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(T. D. 2628.)
Dues paid by members of chambers of commerce exempt from tax imposed by section
701, act of October 3, 1917.
Washington, D. C., January 9, 1918. To collectors of internal revenue and others concerned:
Section 701 of the act of October 3, 1917, provides in part as follows:
That from and after the first day of November, nineteen hundred and seventeen, there shall be levied, assessed, collected, and paid, a tax equivalent to ten per centum of any amount paid as dues or membership fees (including initiation fees), to any social. athletic, or sporting club or organization, where such dues or fees are in excess of $12 per year; such taxes to be paid by the person paying such dues or fees.
Particular attention is called to the fact that the tax is imposed only upon dues or membership fees, including initiation fees, paid "to any social, athletic, or sporting club or organization, where such dues or fees are in excess of $12 per year.” The tax does not attach upon dues paid to chambers of commerce or other business organizations primarily organized and maintained for the furtherance of business interests. Such organizations may have social features without incurring liability to tax, provided such social features are entirely subordinated to the predominant purpose of the organization. Any regulations in conflict herewith are hereby revoked.
DANIEL C. ROPER, Approved:
Commissioner of Internal Revenue. W. G. McAdoo,
Secretary of the Treasury.
(T. D. 2629.)
Fortified wines. Casks, tanks, or cases of wines fortified under act of September 8, 1916, to be con
spicuously marked or labeled.
Washington, D. C., January 7, 1918. To collectors of internal revenue and others concerned:
It has been brought to the attention of this office that many rectifiers have difficulty in determining whether wine used by them
in the manufacture of cordials and similar compounds has been fortified under the act of September 8, 1916. It is of primary importance that rectifiers be furnished with this information, for the reason that cordials made with wine fortified under the act of September 8, 1916, are subject to tax as cordials.
Therefore, all casks, tanks, or cases of wine fortified under the act of September 8, 1916, hereafter removed from bonded premises, must be conspicuously marked or labeled with the following legend, in addition to the information called for by regulations No 28, supplement 2, article 10: “Fortified under act September 8, 1916."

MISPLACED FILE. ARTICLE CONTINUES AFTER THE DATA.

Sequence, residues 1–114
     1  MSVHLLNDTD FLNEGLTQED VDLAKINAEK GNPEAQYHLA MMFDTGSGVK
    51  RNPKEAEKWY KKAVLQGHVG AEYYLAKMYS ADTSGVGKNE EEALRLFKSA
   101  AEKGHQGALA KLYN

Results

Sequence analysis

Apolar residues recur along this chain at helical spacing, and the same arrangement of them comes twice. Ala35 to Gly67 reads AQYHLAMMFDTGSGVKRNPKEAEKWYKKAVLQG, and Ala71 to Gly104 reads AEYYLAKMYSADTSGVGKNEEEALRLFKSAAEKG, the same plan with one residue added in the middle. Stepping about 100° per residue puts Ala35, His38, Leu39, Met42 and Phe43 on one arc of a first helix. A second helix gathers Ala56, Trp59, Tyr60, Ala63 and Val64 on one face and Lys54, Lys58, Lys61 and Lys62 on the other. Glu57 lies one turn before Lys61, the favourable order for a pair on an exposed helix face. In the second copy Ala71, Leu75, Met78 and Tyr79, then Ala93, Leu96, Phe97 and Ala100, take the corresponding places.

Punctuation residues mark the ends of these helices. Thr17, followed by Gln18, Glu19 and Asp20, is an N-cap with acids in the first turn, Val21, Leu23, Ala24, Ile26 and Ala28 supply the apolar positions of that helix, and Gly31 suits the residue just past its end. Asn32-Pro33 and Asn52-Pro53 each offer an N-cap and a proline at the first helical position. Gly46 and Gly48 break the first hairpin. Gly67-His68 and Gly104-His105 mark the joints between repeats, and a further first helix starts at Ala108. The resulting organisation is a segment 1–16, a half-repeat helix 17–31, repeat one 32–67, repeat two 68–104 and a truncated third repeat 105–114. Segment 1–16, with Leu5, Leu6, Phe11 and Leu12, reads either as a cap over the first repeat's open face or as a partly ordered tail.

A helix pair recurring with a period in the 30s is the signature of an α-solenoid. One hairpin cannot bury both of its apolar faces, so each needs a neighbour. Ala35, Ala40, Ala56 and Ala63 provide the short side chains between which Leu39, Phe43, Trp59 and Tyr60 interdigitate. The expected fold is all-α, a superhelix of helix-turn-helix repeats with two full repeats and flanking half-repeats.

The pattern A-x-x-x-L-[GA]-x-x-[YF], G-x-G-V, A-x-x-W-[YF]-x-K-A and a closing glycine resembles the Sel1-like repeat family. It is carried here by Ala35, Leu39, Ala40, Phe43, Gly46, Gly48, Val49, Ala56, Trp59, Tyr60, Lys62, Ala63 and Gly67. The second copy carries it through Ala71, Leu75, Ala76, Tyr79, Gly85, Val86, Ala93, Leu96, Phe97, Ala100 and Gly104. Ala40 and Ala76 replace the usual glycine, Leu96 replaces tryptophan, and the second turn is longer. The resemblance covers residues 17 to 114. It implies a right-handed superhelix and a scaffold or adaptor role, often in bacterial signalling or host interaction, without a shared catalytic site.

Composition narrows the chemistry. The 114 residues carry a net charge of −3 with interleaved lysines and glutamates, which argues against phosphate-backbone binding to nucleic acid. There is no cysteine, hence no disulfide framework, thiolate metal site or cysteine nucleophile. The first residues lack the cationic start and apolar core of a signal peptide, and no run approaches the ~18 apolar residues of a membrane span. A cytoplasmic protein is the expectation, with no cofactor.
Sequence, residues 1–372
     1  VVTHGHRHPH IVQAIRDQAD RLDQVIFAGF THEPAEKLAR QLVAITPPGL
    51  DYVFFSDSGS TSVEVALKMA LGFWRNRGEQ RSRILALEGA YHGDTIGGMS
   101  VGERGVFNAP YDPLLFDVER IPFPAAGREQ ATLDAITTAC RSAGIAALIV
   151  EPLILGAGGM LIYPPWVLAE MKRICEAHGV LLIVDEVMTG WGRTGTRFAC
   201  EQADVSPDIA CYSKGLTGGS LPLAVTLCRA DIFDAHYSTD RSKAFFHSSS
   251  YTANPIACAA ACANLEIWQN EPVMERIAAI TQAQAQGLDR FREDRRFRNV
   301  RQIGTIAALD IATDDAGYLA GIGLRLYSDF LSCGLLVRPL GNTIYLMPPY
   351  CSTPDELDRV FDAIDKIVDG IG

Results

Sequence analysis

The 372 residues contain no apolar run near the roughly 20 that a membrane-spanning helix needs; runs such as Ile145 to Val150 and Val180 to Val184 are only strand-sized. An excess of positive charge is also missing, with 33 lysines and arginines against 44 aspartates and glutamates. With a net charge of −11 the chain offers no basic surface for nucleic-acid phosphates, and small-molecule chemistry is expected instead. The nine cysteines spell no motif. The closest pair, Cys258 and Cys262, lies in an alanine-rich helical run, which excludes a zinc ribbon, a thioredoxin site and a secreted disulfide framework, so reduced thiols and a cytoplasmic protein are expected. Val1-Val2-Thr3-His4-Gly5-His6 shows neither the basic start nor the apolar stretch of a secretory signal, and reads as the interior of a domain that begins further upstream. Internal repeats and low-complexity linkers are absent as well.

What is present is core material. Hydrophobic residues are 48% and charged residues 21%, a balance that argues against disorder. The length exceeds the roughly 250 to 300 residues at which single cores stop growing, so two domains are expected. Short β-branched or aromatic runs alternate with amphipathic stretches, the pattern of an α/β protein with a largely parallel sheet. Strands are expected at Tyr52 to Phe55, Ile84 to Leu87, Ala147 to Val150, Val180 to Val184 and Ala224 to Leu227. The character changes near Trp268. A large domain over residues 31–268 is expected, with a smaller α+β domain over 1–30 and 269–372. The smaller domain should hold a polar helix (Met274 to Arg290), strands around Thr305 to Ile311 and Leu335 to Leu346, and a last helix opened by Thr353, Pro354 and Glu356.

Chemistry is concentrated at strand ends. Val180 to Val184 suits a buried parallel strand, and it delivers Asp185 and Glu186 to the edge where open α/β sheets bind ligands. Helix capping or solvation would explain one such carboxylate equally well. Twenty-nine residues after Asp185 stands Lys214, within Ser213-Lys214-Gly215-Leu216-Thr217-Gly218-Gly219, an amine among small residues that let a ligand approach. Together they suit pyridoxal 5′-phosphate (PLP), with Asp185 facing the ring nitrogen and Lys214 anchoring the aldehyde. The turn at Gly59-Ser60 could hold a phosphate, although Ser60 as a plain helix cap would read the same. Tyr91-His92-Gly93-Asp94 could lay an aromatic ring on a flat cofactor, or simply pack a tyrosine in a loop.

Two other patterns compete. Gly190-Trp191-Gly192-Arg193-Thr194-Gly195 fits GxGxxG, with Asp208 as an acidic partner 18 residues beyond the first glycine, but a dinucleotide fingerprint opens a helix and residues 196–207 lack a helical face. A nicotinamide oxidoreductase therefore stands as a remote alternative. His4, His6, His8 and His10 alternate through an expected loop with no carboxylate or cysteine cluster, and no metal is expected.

Such marks or label should be in reasonable proportion to the size of the container. Where a label is used it shall be pasted to
. the cask or other container, and secured thereto by five tacks, one in each corner and one in the middle of the label. Where the wine is contained in metal packages, the use of tacks will not, of course, be required.
If after removal from bonded premises such wine is transferred to other containers, the new containers must also bear a similar legend.
DANIEL C. ROPER,
Commissioner of Internal Revenue. Approved: W. G. McAdoo,
Secretary of the Treasury.
Instructions relative to withdrawal of alcohol for use in central denaturing warehouses
from different distilleries under one bond.
Washington, D. (., January 17, 1918. To collectors of internal revenue and others concerned:
In order that alcohol intended for use in central denaturing warehouses may be obtained free of tax from different distilleries under one bond, Form 611A may hereafter be given. The bond in such cases will properly describe the distillery warehouses by location and number, and the penal sum of this general bond will be suflicient to cover the tax on all spirits to be withdrawn under a general permit (Form 670A), which will be issued by the collector upon the approval of the above-mentioned bond. Under this permit the proprietor of such central denaturing warehouse may obtain alcohol from time to time from any distillery designated in the permit and within the limits fixed by such permit. The penal sum of the bond will be computed on the basis of $2.20 per tax gallon.